Risk Factors for Community-Acquired UTI With ESBL-Producing E coli in Children

urine sample
urine sample

Antibiotic use within the previous 3 months and Middle Eastern ethnic background were risk factors for community-acquired urinary tract infection (UTI) caused by extended-spectrum β-lactamase (ESBL)-producing Escherichia coli in children treated at the Children’s Hospital of Michigan, according to study results published in Infectious Diseases.

In this single center retrospective study, researchers identified 111 cases of community-acquired UTI caused by ESBL-producing E coli from January 2012 to December 2016 and matched patients by age, gender, and year of infection to 103 control cases of community-acquired UTI with non-ESBL-producing E coli. The median ages in both groups was 4 years (range: 1 month to 18 years), and most patients were female (83% in ESBL group and 88% in non-ESBL group).

During the 5-year period, the percentage of ESBL-producing E coli UTI ranged from 7% to 15% of all UTI cases. ESBL-producing strains were more frequently resistant to trimethoprim-sulfamethoxazole (72% vs 25%) and ciprofloxacin (73% vs 5%) than strains not producing ESBL.

In the univariate analysis, significant risk factors for community-acquired UTI with ESBL-producing E coli compared with non-ESBL-producing E coli were as follows:

  • Antibiotic usage in the last 3 months (54.5% vs 14.6%; P <.001)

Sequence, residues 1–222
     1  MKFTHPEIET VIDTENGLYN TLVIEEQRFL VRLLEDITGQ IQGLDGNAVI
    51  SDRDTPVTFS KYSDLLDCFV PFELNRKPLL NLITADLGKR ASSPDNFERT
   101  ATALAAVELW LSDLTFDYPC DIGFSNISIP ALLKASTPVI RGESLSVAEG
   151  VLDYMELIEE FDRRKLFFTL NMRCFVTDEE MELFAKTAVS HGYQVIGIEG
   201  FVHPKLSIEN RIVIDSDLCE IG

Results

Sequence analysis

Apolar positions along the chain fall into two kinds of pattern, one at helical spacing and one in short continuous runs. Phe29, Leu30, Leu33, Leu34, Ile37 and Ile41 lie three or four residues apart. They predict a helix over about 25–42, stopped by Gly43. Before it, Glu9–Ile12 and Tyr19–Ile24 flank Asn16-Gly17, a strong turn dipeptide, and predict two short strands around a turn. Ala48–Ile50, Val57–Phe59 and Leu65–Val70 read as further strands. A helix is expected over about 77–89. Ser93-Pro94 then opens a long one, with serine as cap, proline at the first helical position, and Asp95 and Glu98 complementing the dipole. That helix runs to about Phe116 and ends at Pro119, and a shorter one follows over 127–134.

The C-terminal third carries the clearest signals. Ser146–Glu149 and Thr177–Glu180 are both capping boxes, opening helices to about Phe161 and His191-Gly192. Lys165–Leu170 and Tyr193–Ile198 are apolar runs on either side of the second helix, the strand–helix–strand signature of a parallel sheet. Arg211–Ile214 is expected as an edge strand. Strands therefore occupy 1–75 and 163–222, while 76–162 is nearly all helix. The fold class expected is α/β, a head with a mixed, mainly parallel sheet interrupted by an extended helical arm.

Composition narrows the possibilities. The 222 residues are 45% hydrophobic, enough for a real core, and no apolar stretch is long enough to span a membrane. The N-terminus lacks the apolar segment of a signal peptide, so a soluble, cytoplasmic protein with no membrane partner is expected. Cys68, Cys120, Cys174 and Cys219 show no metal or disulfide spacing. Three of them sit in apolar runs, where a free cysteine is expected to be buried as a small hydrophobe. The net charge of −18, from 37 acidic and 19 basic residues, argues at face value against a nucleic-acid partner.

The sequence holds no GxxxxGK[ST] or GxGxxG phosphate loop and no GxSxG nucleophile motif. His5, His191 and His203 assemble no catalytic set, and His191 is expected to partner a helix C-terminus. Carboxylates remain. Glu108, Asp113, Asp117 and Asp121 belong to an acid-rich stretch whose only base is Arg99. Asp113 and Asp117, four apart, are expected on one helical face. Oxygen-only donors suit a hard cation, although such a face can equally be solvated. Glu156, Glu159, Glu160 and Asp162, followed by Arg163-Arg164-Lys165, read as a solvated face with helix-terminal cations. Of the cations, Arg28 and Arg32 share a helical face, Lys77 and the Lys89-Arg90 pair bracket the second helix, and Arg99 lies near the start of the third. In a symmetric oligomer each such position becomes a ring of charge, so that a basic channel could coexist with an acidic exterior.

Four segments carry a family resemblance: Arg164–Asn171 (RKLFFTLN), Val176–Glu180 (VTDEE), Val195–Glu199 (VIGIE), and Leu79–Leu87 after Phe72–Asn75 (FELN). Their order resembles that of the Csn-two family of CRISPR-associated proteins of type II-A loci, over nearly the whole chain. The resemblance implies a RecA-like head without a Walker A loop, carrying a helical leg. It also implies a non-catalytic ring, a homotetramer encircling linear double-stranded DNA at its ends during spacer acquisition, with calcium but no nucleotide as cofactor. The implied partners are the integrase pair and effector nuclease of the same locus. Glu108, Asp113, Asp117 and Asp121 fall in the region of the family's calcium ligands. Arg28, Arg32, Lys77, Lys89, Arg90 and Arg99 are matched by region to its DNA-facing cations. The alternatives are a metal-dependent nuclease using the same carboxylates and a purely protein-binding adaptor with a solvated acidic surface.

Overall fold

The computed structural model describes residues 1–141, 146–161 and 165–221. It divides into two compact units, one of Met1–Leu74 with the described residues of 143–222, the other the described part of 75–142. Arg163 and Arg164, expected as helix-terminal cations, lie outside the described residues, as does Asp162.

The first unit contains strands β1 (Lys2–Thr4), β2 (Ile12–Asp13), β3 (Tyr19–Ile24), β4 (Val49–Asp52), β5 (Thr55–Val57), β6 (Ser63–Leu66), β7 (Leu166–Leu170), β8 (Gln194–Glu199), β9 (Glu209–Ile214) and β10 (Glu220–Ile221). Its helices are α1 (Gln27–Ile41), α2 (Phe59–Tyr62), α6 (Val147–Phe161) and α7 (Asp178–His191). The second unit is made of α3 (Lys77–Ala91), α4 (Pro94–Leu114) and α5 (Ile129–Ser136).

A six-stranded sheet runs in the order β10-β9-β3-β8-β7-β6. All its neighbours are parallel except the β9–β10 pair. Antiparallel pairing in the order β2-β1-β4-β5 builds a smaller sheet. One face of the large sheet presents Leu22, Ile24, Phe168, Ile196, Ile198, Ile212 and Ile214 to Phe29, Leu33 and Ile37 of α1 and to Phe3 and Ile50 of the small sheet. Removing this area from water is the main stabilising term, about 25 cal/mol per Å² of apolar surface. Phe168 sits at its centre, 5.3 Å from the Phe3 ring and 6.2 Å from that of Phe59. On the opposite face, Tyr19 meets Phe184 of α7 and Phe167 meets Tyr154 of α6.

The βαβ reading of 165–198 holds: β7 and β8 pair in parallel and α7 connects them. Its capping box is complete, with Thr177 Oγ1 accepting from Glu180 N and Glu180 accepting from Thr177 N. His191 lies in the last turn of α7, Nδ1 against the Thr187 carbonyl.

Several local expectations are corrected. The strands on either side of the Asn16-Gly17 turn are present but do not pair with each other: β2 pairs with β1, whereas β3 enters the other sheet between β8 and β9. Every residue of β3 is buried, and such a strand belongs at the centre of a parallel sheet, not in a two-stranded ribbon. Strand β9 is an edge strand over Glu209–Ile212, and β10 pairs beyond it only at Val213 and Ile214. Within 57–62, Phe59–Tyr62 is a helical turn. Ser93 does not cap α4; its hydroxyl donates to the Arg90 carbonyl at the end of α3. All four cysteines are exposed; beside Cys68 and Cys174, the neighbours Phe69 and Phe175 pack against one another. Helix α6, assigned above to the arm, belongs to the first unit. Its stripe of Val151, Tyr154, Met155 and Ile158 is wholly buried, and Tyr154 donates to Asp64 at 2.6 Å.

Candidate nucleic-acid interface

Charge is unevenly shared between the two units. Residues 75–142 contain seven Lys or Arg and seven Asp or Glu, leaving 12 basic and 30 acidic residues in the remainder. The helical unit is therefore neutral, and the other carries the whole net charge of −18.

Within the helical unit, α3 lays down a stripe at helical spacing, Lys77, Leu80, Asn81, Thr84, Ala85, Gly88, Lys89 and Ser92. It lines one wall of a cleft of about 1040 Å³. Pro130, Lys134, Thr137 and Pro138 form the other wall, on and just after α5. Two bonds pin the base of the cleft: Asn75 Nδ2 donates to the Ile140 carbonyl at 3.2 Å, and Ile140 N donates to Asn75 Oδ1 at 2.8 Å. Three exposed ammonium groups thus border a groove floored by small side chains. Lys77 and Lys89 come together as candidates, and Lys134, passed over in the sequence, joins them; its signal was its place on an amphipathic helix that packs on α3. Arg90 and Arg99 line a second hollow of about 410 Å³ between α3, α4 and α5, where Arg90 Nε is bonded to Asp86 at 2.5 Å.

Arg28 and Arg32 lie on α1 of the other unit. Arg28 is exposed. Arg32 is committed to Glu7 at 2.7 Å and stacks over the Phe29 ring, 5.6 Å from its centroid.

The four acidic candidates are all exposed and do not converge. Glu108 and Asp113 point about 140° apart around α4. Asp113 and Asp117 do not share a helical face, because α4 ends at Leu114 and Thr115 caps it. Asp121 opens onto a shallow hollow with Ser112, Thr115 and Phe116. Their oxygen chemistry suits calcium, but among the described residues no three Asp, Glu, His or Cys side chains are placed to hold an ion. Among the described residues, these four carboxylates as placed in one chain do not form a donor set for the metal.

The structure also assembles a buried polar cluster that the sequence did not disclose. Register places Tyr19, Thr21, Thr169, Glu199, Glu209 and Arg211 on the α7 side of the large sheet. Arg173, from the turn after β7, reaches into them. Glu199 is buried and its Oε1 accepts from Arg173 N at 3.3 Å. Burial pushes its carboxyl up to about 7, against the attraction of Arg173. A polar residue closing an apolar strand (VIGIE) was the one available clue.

• β-lactam use in the last 3 months (30.9% vs 8.8%; P <.001)
  • Presence of vesicoureteral reflux (20.9% vs 5.9%; P =.002)
  • UTI in the last 3 months (23.6% vs 5.9%; P <.001)
  • Hospitalization in the last 3 months (24.5% vs 10.1%; P =.007)
  • Middle Eastern ethnic background (30.6% vs 9.8%; P <.001)

The multivariate analysis, however, showed that only prior antibiotic usage (odds ratio [OR], 4.17; 95% CI, 1.85-9.09; P =.001) and Middle Eastern ethnic background (OR, 4.00; 95% CI, 1.69-9.09; P <.001) were independent risk factors.

Because of inconsistent documentation of symptoms, history, and physical examination results, researchers were unable to distinguish upper and lower UTI.

Related Articles

The study authors noted that “further investigation of the impact of antibiotic prophylaxis on the prevalence of UTIs with ESBL-producing E coli are warranted,” because “18% of patients with prior antibiotic use in the ESBL group were on long-term trimethoprim-sulfamethoxazole prophylaxis for [vesicoureteral reflux].”

In addition, researchers suggested that a history of international travel or of contact with international travelers should be explored when evaluating a child for possible community-acquired ESBL infection, because there was an increased risk for community-acquired ESBL-producing E coli among children of Middle Eastern ethnic background.


Zhu FH, Rodado MP, Asmar BI, Salimnia H, Thomas R, Abdel-Haq N. Risk factors for community acquired urinary tract infections caused by extended spectrum β-lactamase (ESBL) producing Escherichia coli in children: a case control study [published online August 20, 2019]. Infect Dis (Lond). doi:10.1080/23744235.2019.1654127